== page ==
Another way I am rewarded by the work I do is in the lessons I receive while doing it. The natural world teaches me that all things are both interconnected and interdependent. The forests, creek, and open spaces are living embodiments of this. When I leave my home, built by humans and full of human-created objects, I am reminded of another lesson; namely, that I am a part of all that is around me, not apart from it, or above it, but a creation of it. I am taught wonderful lessons in human smallness, and healthy humility. All the like forms that I interact with, from the smallest insect to the mightiest tree are life-givers and can exist perfectly well without the presence of me, the human, while I, the human, cannot exist without them. They are far more important than me.
I am rewarded in my work through these lessons because when I embrace them, I experience a sense of homecoming, belonging, and a healing of isolation. The best cure for any kind of sadness I know of is to get outside. Now I see my time on the trails as a Spiritual pathway and vocation, and best of all, the rewards come in beautiful packages of the wind in the trees, birdsong, and sunlight shining through autumn leaves!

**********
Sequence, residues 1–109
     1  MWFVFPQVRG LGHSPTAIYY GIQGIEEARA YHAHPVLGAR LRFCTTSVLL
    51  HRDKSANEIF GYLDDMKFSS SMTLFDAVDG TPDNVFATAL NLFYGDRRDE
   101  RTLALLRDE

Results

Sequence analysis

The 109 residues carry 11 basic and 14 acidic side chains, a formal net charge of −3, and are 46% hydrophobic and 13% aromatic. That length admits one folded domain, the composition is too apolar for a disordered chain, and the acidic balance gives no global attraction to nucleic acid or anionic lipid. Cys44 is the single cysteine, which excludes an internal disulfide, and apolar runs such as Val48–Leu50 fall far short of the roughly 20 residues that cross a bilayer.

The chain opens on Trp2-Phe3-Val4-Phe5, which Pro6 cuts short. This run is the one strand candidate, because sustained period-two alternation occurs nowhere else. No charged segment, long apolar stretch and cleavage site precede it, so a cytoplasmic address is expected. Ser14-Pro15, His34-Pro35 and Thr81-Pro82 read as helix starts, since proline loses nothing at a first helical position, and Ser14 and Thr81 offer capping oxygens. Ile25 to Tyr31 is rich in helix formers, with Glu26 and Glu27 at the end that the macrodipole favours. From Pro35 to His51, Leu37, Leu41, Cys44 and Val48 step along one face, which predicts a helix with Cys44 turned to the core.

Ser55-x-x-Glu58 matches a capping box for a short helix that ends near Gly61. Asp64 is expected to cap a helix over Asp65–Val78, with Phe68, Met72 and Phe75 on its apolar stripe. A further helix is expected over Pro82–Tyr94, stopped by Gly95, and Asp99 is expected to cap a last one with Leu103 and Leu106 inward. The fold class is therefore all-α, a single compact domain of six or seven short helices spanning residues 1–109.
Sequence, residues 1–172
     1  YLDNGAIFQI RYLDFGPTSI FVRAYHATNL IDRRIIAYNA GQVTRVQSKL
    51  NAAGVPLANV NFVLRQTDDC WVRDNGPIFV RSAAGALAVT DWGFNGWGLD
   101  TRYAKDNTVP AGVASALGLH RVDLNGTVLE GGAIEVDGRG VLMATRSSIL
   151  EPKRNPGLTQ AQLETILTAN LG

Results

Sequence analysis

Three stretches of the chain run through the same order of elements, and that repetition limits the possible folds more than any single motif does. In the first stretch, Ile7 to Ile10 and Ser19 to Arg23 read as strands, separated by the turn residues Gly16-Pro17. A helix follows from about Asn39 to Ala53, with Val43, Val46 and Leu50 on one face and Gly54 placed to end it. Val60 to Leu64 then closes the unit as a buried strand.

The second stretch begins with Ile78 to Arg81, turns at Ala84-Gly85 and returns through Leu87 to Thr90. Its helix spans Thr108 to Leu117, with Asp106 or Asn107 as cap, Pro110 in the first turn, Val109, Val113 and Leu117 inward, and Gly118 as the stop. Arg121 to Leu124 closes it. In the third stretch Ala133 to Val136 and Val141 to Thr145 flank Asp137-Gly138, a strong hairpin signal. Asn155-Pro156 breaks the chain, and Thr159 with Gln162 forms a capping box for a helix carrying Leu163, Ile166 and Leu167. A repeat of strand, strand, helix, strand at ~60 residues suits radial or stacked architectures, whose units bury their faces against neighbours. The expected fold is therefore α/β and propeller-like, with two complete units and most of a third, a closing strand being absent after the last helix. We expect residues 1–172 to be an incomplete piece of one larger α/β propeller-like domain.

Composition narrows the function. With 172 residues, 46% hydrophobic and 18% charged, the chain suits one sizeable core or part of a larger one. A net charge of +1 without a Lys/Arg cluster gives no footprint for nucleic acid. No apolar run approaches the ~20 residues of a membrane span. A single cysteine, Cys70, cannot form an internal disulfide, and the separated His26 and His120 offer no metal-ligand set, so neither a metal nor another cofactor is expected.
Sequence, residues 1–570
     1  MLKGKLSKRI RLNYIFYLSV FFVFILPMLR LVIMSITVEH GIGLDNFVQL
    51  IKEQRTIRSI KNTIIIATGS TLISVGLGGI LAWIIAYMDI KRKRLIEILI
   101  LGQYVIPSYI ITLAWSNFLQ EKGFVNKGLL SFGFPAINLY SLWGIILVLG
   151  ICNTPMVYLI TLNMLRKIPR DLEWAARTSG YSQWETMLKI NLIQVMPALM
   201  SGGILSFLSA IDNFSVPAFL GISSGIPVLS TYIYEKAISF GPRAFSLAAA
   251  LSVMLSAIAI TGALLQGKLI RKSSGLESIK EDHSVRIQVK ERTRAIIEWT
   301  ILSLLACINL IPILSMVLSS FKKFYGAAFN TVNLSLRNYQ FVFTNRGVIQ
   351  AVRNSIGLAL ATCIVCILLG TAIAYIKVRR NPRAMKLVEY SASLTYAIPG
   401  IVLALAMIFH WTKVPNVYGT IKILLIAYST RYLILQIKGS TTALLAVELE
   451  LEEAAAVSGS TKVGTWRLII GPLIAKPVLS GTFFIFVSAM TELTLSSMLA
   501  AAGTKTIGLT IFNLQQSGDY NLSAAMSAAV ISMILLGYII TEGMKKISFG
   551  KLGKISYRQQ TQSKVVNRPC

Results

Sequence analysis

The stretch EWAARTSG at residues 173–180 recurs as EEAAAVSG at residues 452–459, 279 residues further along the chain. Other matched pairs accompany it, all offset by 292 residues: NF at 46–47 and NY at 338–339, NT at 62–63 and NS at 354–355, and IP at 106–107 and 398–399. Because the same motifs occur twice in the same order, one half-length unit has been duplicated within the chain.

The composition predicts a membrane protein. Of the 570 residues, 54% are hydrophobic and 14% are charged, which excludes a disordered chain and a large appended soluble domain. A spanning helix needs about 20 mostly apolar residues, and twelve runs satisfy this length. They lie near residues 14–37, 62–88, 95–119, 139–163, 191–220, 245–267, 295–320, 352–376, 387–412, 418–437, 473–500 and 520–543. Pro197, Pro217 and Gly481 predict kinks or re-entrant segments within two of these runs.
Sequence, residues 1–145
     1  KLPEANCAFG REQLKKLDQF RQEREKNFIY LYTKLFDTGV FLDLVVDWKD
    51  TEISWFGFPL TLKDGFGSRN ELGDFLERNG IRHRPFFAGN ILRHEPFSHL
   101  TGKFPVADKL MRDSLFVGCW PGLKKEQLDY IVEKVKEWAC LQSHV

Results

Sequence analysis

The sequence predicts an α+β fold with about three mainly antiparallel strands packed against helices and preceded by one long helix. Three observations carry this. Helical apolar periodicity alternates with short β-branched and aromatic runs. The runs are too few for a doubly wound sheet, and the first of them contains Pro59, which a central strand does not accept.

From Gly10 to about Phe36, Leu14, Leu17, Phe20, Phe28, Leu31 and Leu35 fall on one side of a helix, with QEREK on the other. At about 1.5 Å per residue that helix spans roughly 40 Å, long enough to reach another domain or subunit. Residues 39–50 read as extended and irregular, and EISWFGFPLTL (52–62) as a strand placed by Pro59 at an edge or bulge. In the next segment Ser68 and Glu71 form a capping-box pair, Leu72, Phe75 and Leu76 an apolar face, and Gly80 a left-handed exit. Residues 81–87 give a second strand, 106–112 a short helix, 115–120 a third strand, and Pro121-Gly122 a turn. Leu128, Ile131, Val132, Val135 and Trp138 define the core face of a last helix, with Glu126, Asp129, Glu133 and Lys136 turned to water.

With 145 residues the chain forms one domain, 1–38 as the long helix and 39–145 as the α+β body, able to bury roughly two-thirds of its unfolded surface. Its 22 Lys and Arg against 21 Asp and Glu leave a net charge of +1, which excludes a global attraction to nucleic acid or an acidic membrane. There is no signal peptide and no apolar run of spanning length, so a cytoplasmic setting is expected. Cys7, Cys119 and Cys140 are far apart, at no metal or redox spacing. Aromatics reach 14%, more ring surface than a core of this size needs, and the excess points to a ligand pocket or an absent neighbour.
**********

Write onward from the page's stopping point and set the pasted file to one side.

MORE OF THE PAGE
Q: What keeps you optimistic?
A: The amount of litter that needs to be picked up can be quite a downer, especially in the spring after my winter absence! My connection to the positive is reinforced whenever I can be out experiencing the beauty around me. I always get a boost when I run into one of my friends (especially when it's a dog!), and whenever I am acknowledged. I am also reminded that though human beings created the litter, many other human people have helped me with reaching pieces that I can't, and have helped me with a snack and/or a cold drink on a hot day. These good interactions bring a positive balance back.
Q: Do you still work to keep parks clean nowadays? Are you working on any new projects like this?
A: Yes, I am still going out there and working away with my sticks and grabbers, and I hope to continue to do so until the conclusion of my Earth walk. My hope is that I can be a very small catalyst in encouraging others to pick up a little when they are out, and also to not leave that fast food sack under a tree, or that water bottle along the trail. I would like to express my heartfelt gratitude to all the non-human and human beings who make being on our trails such a gift, from my wonderful trees and meadow to the staff of Parks and Recreation who give me such beautiful places to roam (and who have come to my rescue!), to the men and women of the Urbandale Police Department who give their time to check on me, have befriended me, and have come to my rescue at times! All of you make being out on our trails the gift that it is for me.